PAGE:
How do you trademark a business name and logo?
To register a trademark in the United States, you will have to file an application with the USPTO, the federal agency that governs the enforceability of trademark protection. Although you can legally register a trademark with the USPTO on your own, it is highly recommended that you seek out a trademark attorney to assist you. Trained professionals can simplify the process and increase accuracy. Missteps in the application process can cost you time and money.
Before you can file an application, Crabtree said you will need to gather pertinent business information, for example, the mark you want protected, the owner of it, the category of goods or services associated with it, and when you started or intend to start using it.
It is important for business owners to understand the different marks and applications that each component is registered under, so they do not file incorrectly. For example, names and slogans are registered as word marks, and logos are registered as design marks.
"If you are applying for protection for the name of your business, your slogan, and the company logo, then you would be applying for three separate applications: two word mark applications and one design mark application," said DuFord.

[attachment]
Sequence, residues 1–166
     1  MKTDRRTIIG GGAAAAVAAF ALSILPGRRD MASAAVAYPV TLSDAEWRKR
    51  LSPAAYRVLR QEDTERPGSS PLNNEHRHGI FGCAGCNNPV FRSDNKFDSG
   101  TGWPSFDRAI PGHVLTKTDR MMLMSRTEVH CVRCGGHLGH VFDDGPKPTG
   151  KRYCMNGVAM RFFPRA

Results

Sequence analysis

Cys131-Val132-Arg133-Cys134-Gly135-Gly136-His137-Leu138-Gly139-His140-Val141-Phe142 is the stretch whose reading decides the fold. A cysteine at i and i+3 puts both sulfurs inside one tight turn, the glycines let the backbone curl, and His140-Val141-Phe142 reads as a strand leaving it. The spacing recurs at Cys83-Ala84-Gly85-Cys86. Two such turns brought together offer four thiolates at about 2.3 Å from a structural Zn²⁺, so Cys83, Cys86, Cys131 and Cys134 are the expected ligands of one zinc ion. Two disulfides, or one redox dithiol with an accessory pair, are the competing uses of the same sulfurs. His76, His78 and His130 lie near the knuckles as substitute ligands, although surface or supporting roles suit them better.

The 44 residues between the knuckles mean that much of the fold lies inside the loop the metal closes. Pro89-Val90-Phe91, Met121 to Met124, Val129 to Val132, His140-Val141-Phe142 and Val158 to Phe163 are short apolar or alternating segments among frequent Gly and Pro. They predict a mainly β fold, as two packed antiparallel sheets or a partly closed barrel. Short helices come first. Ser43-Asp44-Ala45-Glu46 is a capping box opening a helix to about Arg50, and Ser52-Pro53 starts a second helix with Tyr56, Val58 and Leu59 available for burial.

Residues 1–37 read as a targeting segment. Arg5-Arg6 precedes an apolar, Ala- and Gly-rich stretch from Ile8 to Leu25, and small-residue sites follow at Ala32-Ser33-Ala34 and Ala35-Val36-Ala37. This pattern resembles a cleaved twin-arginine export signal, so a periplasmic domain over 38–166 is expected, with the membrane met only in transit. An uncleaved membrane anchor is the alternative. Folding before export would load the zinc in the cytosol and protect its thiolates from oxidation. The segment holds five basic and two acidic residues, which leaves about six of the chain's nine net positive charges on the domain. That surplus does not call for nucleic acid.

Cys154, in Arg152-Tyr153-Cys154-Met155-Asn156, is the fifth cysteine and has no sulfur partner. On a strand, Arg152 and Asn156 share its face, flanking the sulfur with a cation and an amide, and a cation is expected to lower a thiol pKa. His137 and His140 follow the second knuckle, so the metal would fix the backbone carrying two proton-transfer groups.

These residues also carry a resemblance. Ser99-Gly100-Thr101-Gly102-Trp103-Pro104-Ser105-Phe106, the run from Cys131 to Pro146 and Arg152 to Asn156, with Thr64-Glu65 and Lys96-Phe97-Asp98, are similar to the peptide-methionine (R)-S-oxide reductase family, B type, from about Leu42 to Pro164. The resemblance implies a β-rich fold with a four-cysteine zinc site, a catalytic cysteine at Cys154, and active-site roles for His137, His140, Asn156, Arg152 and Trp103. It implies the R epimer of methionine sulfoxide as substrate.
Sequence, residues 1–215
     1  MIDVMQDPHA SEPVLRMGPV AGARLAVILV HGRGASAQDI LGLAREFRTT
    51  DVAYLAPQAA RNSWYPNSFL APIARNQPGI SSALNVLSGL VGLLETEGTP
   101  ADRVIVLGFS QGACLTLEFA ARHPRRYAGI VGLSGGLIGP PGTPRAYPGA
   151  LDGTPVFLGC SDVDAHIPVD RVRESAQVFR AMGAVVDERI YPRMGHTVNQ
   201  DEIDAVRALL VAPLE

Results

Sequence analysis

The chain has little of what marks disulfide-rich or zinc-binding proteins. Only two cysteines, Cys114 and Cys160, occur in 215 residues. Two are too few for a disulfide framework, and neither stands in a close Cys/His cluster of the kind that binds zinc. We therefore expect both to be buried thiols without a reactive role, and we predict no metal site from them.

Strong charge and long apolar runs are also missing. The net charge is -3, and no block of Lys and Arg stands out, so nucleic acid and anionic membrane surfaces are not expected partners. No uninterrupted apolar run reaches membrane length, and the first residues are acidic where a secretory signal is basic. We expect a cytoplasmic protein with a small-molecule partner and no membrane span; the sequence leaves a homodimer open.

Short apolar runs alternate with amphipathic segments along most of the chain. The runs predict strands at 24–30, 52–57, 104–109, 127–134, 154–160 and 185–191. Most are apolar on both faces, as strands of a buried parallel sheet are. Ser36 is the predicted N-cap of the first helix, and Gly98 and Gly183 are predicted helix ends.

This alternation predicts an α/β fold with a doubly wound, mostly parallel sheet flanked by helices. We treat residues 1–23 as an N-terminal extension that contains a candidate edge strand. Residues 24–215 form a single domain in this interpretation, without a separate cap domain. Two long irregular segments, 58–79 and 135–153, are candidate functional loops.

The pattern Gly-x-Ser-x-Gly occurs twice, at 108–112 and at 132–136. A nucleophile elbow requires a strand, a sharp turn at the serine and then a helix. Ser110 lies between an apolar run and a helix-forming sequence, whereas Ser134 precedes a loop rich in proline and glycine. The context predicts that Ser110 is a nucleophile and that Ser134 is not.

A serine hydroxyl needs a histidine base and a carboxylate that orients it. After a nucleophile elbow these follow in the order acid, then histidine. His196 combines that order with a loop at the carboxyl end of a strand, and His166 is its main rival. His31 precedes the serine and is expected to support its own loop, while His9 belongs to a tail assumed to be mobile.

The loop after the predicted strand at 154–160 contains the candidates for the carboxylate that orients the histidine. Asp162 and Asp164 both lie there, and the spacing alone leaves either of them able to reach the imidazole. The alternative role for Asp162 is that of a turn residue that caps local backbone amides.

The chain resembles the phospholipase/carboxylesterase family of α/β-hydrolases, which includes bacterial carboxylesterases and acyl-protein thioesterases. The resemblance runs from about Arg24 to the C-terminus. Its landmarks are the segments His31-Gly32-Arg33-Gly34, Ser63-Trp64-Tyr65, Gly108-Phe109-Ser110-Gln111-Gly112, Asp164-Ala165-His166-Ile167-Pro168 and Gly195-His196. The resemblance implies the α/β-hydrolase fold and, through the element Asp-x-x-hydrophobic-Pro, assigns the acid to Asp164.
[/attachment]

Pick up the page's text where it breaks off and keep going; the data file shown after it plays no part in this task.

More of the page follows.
There are three separate electronic applications to choose from (TEAS Plus, TEAS RF and TEAS Regular). Each has its own benefits and limitations. If you work with an attorney, they may have a preferred application that they file under; otherwise, it's up to you to decide which one suits you best.
TEAS Plus: This is the cheapest application, but it requires the most information from the applicant. The depth of information means it will likely be processed quicker; however, it can be hard to identify some of the information it requires. This application is filed electronically.
TEAS Reduced Fee (RF): This application costs slightly more than the TEAS Plus, but it does not require as much information. It also allows you to customize the description of your goods and/or services, which is beneficial, but it may require the assistance of an attorney. This application is filed electronically.
- TEAS Regular: This is the most expensive application, and it is not very desirable for most applicants. One drawback of this option is that it requires the least amount of information from the applicant, which means you will have the chance to file quickly before any competitors can file. This application can be filed electronically or nonelectronically.
After filing your application, the USPTO can take anywhere from one to three months for the initial review.
"The USPTO will either issue an office action, which means they have an issue or question about the application, or they will move it to through the next steps," said Crabtree.